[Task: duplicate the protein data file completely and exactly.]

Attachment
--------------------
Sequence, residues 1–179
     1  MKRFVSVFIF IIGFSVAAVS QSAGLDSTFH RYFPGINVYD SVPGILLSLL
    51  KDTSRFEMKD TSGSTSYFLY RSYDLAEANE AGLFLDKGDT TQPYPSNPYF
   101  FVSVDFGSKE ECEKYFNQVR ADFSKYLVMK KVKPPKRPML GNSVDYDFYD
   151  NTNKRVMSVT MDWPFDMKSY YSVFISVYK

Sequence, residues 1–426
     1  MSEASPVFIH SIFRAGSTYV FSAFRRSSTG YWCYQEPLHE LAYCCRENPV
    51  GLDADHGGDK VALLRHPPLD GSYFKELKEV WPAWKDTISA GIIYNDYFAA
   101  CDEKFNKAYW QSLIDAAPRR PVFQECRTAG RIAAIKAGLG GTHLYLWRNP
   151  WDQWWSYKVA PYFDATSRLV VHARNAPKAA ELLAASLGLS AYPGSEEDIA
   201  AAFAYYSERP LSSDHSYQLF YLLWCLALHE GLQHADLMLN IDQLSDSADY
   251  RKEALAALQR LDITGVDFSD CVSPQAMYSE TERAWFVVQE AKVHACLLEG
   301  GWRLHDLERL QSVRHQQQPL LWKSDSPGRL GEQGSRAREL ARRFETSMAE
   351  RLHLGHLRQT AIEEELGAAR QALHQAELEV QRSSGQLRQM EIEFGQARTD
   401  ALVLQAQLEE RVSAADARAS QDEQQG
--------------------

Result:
Sequence, residues 1–179
     1  MKRFVSVFIF IIGFSVAAVS QSAGLDSTFH RYFPGINVYD SVPGILLSLL
    51  KDTSRFEMKD TSGSTSYFLY RSYDLAEANE AGLFLDKGDT TQPYPSNPYF
   101  FVSVDFGSKE ECEKYFNQVR ADFSKYLVMK KVKPPKRPML GNSVDYDFYD
   151  NTNKRVMSVT MDWPFDMKSY YSVFISVYK

Sequence, residues 1–426
     1  MSEASPVFIH SIFRAGSTYV FSAFRRSSTG YWCYQEPLHE LAYCCRENPV
    51  GLDADHGGDK VALLRHPPLD GSYFKELKEV WPAWKDTISA GIIYNDYFAA
   101  CDEKFNKAYW QSLIDAAPRR PVFQECRTAG RIAAIKAGLG GTHLYLWRNP
   151  WDQWWSYKVA PYFDATSRLV VHARNAPKAA ELLAASLGLS AYPGSEEDIA
   201  AAFAYYSERP LSSDHSYQLF YLLWCLALHE GLQHADLMLN IDQLSDSADY
   251  RKEALAALQR LDITGVDFSD CVSPQAMYSE TERAWFVVQE AKVHACLLEG
   301  GWRLHDLERL QSVRHQQQPL LWKSDSPGRL GEQGSRAREL ARRFETSMAE
   351  RLHLGHLRQT AIEEELGAAR QALHQAELEV QRSSGQLRQM EIEFGQARTD
   401  ALVLQAQLEE RVSAADARAS QDEQQG